General Honoré, Katrina and the Army behind him, retains civic aims

Retired Friday from the Army, he wants to help the public attain a 'culture of preparedness' like that of the cold-war era.

John Amis/AP
After the storm: Honoré is known as the 'John Wayne dude' who shook New Orleans out of its daze after hurricane Katrina.

As commander of the First Army, Lt. Gen. Russel Honoré spent years preparing for a worst-case disaster that could befall his territory east of the Mississippi. When it came ashore on Aug. 29, 2005, hurricane Katrina exceeded his grimmest expectations.

Known as the gruff, cigar-munching "John Wayne dude" who shook New Orleans out of its daze after the flood, General Honoré retired Friday from a 37-year Army career in a ceremony at Ft. Gillem, just outside Atlanta.

In a Monitor interview, Honoré said he doesn't want his turning-point performance after the storm to be his only legacy. He hopes to make a mark, too, with what's next: an effort to guide civilian America, especially young people, back to the kind of "culture of preparedness" that was part of his own cold-war upbringing.

The greatest and largely unlearned lesson of Katrina, Honoré says, is that despite investments and improvements in federal and state disaster response, civic response remains weak.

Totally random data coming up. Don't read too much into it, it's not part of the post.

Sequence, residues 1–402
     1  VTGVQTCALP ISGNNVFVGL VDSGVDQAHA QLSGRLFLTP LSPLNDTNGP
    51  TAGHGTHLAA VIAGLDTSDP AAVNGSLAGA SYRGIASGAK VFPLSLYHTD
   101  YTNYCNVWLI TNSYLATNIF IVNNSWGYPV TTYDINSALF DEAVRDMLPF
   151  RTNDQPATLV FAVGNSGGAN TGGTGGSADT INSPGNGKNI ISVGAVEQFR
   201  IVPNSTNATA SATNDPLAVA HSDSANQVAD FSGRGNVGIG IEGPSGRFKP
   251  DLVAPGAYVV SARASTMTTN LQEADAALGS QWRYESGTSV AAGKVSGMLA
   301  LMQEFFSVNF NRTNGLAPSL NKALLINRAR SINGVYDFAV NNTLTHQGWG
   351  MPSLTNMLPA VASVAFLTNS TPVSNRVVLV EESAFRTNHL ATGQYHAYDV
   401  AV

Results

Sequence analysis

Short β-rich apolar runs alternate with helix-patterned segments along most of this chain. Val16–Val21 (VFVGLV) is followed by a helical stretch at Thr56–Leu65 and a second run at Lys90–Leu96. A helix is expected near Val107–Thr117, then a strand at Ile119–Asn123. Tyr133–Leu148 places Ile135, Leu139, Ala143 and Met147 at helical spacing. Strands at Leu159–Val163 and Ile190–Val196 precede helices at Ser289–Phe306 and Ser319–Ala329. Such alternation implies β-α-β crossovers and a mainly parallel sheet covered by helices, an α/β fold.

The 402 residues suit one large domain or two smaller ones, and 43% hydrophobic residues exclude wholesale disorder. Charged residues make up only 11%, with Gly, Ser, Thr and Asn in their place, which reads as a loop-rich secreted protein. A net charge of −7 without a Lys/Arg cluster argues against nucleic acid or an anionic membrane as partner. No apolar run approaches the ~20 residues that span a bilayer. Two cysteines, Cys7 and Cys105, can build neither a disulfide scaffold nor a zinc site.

"I'm sure you and your wife have a plan to meet at Uncle Joe's house, but does your plan include asking Mrs. Smith next door if she needs a ride?" he says. "We saw a lot of Mrs. Smiths in New Orleans."

Honoré will move to Atlanta's Emory University, where his immediate task will be to build a disaster-relief curriculum for use at colleges. He's also writing a book that he hopes to publish before next hurricane season. He hasn't ruled out entering politics, either, possibly in Louisiana.

Earlier this month, Honoré met with Georgia Gov. Sonny Perdue (R) to discuss a gambit that would include adding lifesaving and disaster preparedness to Peach State school curricula.

"To be able to save someone's life, to keep [the injured] alive until they can be rescued, that needs to be put back into our culture," Honoré says.

The general is right, says Patrick Green, a French Quarter street sweeper who spent four days in the Super Dome before being evacuated. "No one was prepared," says Mr. Green. "It was shameful."

Honoré is also urging that drugstores and grocery stores be required to keep generators on hand so they can keep operating after a disaster.

Honore's plans to buck up the civilian corps are commendable, says former Sen. Gary Hart, author of "The Shield and the Cloak: The Security of the Commons." But Mr. Hart disagrees that the focus of disaster relief needs to shift away from the responsibility of government.

"We still haven't done enough on ports, emergency response, and not just border security south, but north," says Hart. "The caliber and quality are still lacking."

Meantime, Honoré's growl and visage are stamped on the consciousness of New Orleans. His "can-do" attitude and one-liners like "Don't get stuck on stupid" earned him local plaudits, says Chad Rogers, who runs The Dead Pelican political website in Baton Rouge. La. "He was the commanding presence we all needed."

New Orleans artist Greg Giegucz and his roommates named a beagle puppy "Honoré." "He's a national treasure," says Mr. Giegucz of the retired general. "I wish he'd come back and run for mayor."

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